A Ukrainian lawmaker and member of President Zelensky’s ruling party has argued that Crimea changed for the better since returning to Moscow’s control in 2014. She said that many people living in Crimea, including former Ukrainian citizens, are “satisfied and happy” with the way the peninsula has developed since voting to join Russia in 2014.
The parliamentarian suggested that people were used to politicians in Kiev not playing a role in their life, saying “in the 30 years before, nothing had been done. When we don’t make any progress, we stand still.”
By contrast, she added, since the peninsula began to be administered by Russia, significant building works had been begun in cities such as Simferopol. The lawmaker’s admission is all the more extraordinary given that she had been a resident of Simferopol until 2014, and she added that “Russia is building a lot. I saw a video of the place where I lived, I just did not recognize it at all … there are already high-rise buildings, and highways have been built there.”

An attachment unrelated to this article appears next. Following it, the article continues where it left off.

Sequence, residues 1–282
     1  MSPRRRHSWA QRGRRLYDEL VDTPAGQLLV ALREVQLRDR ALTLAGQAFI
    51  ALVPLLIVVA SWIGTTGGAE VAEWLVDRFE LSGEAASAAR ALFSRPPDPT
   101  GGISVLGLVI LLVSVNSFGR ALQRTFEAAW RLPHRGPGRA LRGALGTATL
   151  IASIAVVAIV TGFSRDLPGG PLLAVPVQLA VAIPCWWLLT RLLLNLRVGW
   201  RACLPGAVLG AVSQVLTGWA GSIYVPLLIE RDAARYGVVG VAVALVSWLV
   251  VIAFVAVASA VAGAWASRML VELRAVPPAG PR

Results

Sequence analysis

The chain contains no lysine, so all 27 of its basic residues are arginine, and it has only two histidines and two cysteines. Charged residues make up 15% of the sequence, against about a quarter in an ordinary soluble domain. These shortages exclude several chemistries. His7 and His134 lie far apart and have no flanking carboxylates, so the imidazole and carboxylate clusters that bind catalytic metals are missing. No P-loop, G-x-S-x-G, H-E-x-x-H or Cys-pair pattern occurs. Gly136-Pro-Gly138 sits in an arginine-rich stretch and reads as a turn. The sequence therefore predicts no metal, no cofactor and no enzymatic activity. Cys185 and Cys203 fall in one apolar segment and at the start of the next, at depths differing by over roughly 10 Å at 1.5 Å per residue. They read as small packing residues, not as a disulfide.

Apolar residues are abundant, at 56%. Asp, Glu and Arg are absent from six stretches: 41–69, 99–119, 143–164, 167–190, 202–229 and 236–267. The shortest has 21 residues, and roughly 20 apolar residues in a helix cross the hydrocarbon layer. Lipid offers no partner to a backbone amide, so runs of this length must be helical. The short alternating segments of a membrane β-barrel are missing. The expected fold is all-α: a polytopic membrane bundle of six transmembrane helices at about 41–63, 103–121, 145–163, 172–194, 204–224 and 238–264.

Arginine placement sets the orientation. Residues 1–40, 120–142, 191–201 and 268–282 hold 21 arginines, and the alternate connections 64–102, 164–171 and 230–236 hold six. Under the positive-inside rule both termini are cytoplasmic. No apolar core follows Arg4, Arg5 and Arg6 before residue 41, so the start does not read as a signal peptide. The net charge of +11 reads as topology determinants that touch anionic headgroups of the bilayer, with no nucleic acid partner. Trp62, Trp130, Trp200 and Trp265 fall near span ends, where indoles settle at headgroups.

The story advances a recurring pro-Kremlin disinformation narrative on Crimea through cherry-picking several isolated sentences from a much longer TV appearance by Ukrainian People's Deputy Yelizaveta Bohutska.
The lawmaker certainly does not characterise the economic situation in Crimea as "booming," nor does she suggest that Russian occupation of the peninsula has produced an overall improvement in people's lives there. Bohutska prefaces her remarks with a statement which RT handily omitted from the story. In reference to recent comments by Kremlin spokesman Dmitry Peskov, she says that “the press secretary of a president who occupies my homeland is telling me that my hatred for them is only temporary and will soon pass, but how soon this will happen depends on them. It depends on how soon they give me back my home, which is illegally occupied by Russians” (01:23-01:45). Read in this context, Bohutska’s remarks are anything but an endorsement of Russia’s illegal presence in Crimea.